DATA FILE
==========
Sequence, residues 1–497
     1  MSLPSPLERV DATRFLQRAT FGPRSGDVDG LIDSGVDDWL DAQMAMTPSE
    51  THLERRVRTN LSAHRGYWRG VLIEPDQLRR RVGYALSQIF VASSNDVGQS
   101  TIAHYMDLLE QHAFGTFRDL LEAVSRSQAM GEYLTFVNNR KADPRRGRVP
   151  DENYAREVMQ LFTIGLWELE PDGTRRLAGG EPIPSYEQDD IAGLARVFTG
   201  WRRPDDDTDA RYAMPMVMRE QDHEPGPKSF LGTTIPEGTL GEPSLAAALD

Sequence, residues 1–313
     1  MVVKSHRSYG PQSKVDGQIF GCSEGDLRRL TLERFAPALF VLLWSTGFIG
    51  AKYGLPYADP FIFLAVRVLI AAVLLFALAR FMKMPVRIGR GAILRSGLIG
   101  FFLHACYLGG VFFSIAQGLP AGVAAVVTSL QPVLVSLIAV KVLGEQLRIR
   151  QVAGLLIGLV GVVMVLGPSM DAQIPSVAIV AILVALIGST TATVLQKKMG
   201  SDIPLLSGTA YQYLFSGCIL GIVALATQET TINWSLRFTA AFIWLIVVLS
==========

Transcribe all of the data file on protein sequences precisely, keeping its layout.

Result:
Sequence, residues 1–497
     1  MSLPSPLERV DATRFLQRAT FGPRSGDVDG LIDSGVDDWL DAQMAMTPSE
    51  THLERRVRTN LSAHRGYWRG VLIEPDQLRR RVGYALSQIF VASSNDVGQS
   101  TIAHYMDLLE QHAFGTFRDL LEAVSRSQAM GEYLTFVNNR KADPRRGRVP
   151  DENYAREVMQ LFTIGLWELE PDGTRRLAGG EPIPSYEQDD IAGLARVFTG
   201  WRRPDDDTDA RYAMPMVMRE QDHEPGPKSF LGTTIPEGTL GEPSLAAALD

Sequence, residues 1–313
     1  MVVKSHRSYG PQSKVDGQIF GCSEGDLRRL TLERFAPALF VLLWSTGFIG
    51  AKYGLPYADP FIFLAVRVLI AAVLLFALAR FMKMPVRIGR GAILRSGLIG
   101  FFLHACYLGG VFFSIAQGLP AGVAAVVTSL QPVLVSLIAV KVLGEQLRIR
   151  QVAGLLIGLV GVVMVLGPSM DAQIPSVAIV AILVALIGST TATVLQKKMG
   201  SDIPLLSGTA YQYLFSGCIL GIVALATQET TINWSLRFTA AFIWLIVVLS